Every few years I tell myself that I’ve got the smarts to do whatever I want. A fundamental weakness born of whatever-you-will-blame keeps me from believing these admonishments but like a broken record, I tell myself over and over that I can succeed.
Yesterday, I helped another woman recognize her own mistakes. As we sat in the jury room talking about settlement of her divorce, my secretary and her daughter each flanked one of us. My client listened as I explained how much marital debt her soon-to-be-ex-husband had incurred on their behalf but paid down before separation. They lived beyond their means and now she’d have to shift some of her savings over to his to even out the take-away from their marriage. But at fifty-two and healthy, she’ll survive. In fact, she’s got a good credit rating and an excellent job with solid benefits. She might even thrive.
Just as long as she learns from her mistakes, that is. She said, I didn’t know what he was doing, he managed all the money. I replied, You’re a grown-ass woman, you should have paid attention! And her daughter laughed. In fact, we all chuckled, the younger ones with amusement at the slight naughtiness of my spontaneous sally. Her daughter waggled a finger towards my client, saying, “Like Ms. Corley said, Mama, you’re a grown-ass woman!”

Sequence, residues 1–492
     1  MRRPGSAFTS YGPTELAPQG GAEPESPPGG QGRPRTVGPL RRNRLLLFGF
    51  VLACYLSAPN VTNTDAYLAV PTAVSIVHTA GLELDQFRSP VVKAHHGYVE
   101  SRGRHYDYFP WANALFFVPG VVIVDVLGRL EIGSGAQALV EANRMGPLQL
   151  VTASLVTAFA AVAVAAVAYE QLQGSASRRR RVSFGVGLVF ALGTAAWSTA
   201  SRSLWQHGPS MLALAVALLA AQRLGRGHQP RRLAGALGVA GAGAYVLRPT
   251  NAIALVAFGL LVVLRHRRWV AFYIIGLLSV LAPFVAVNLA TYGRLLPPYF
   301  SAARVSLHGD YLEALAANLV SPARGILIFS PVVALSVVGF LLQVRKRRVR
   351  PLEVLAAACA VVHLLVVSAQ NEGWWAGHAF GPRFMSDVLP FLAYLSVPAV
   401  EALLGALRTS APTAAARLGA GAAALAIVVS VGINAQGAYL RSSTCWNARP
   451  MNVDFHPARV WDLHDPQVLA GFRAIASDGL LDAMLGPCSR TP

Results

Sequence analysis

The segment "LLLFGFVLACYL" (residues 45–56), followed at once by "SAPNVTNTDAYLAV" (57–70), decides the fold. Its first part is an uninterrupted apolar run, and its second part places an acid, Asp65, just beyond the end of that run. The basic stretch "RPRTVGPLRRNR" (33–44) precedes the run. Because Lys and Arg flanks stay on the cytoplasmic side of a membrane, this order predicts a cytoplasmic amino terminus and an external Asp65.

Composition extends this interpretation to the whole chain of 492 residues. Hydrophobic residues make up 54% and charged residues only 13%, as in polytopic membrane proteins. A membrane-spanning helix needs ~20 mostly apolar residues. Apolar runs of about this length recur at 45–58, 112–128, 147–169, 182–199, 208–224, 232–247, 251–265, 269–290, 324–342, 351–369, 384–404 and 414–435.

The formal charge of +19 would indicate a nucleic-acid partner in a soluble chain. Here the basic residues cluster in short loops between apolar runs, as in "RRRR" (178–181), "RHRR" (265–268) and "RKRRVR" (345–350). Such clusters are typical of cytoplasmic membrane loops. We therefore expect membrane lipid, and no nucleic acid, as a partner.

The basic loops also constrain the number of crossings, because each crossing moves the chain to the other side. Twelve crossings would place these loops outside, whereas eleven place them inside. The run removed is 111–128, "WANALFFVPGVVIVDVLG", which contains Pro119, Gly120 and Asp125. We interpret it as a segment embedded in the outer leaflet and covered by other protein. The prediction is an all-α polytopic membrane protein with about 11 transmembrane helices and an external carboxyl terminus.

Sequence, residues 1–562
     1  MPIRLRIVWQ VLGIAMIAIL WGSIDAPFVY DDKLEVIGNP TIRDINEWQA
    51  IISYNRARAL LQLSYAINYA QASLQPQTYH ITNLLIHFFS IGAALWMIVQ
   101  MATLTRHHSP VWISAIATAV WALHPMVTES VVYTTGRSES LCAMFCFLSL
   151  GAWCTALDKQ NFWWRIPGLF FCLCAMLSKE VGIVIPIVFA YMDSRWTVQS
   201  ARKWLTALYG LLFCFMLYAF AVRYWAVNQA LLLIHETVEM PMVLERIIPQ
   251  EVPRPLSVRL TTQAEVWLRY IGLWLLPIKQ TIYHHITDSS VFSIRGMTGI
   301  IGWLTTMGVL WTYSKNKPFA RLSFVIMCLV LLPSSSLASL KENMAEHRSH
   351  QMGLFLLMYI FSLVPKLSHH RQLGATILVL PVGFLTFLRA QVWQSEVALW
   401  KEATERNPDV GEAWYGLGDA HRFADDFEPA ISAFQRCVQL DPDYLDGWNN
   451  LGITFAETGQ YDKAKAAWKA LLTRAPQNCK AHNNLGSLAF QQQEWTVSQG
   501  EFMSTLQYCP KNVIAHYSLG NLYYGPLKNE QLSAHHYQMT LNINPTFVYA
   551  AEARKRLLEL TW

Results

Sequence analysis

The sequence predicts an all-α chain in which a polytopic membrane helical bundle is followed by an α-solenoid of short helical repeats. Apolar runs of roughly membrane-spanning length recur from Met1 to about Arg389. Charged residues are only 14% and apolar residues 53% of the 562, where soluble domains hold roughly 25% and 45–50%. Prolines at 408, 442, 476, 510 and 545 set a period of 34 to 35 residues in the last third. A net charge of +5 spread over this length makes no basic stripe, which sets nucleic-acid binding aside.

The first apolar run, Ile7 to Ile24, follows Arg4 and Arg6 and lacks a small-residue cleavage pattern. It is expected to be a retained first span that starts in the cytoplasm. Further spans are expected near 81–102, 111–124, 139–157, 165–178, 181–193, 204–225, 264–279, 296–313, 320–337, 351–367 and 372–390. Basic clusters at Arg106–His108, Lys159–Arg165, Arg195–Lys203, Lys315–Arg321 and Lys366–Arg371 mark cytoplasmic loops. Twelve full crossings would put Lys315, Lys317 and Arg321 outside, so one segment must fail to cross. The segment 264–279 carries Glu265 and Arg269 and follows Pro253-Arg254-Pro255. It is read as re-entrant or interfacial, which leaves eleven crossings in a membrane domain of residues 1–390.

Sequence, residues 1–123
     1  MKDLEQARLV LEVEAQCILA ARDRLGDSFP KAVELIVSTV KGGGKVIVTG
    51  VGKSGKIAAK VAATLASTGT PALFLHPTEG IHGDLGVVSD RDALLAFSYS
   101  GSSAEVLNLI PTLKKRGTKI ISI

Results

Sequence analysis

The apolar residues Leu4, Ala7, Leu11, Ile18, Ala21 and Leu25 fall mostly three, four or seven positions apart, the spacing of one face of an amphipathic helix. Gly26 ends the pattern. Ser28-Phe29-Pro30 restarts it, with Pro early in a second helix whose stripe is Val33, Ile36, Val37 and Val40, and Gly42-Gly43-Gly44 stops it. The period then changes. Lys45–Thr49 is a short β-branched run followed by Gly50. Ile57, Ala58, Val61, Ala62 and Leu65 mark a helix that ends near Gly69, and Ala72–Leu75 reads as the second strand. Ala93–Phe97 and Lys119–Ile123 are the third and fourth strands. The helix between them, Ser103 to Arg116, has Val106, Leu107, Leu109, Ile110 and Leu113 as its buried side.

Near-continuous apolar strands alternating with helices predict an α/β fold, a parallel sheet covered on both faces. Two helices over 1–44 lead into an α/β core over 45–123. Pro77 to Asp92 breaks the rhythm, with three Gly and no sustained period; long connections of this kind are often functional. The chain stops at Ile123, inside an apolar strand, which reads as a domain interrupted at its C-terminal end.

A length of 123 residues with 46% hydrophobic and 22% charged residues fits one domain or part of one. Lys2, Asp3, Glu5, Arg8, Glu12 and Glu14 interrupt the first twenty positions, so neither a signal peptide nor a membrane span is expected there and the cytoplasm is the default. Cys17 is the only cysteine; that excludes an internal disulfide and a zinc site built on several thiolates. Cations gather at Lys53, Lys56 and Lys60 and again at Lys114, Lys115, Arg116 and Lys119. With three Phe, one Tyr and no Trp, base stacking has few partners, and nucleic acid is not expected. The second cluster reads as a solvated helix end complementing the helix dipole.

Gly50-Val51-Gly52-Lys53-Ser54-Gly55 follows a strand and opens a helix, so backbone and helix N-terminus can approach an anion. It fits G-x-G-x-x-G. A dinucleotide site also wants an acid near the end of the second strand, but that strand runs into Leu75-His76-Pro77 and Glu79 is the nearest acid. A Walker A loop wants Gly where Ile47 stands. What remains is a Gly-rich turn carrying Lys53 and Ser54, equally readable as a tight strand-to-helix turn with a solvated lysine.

As for myself, I held a mirror to my face and let the words bounce back on me. I’ve never managed money very well, and I’ve hidden behind my condemnation of myself. I neglect myself while urging others to take care. I get too thin, or gain weight. Exercise falls by the wayside. I go weeks without calling my siblings or the friends whose support sustains me.
Years ago, another client noticed my self-sabotage and called me out. I had just finished his divorce, arranging a joint parenting plan and funding a trust so his considerable assets would be available for his large brood as they matured. We had coffee to discuss the paperwork and I must have said something slightly self-deprecating. Perhaps he felt my chagrin at being who I am. I’m not sure what prompted his comment. But it rang true and I have not forgotten his observation. He put his coffee cup on the table, turned his bright gaze on me, and remarked, You’re the only thing standing between you and success.
He might have been dead-on. Maybe. Ya think?
And after all, I am a grown-ass woman. It’s time to act like it.
It’s the twentieth day of the forty-second month of My Year Without Complaining. Life continues.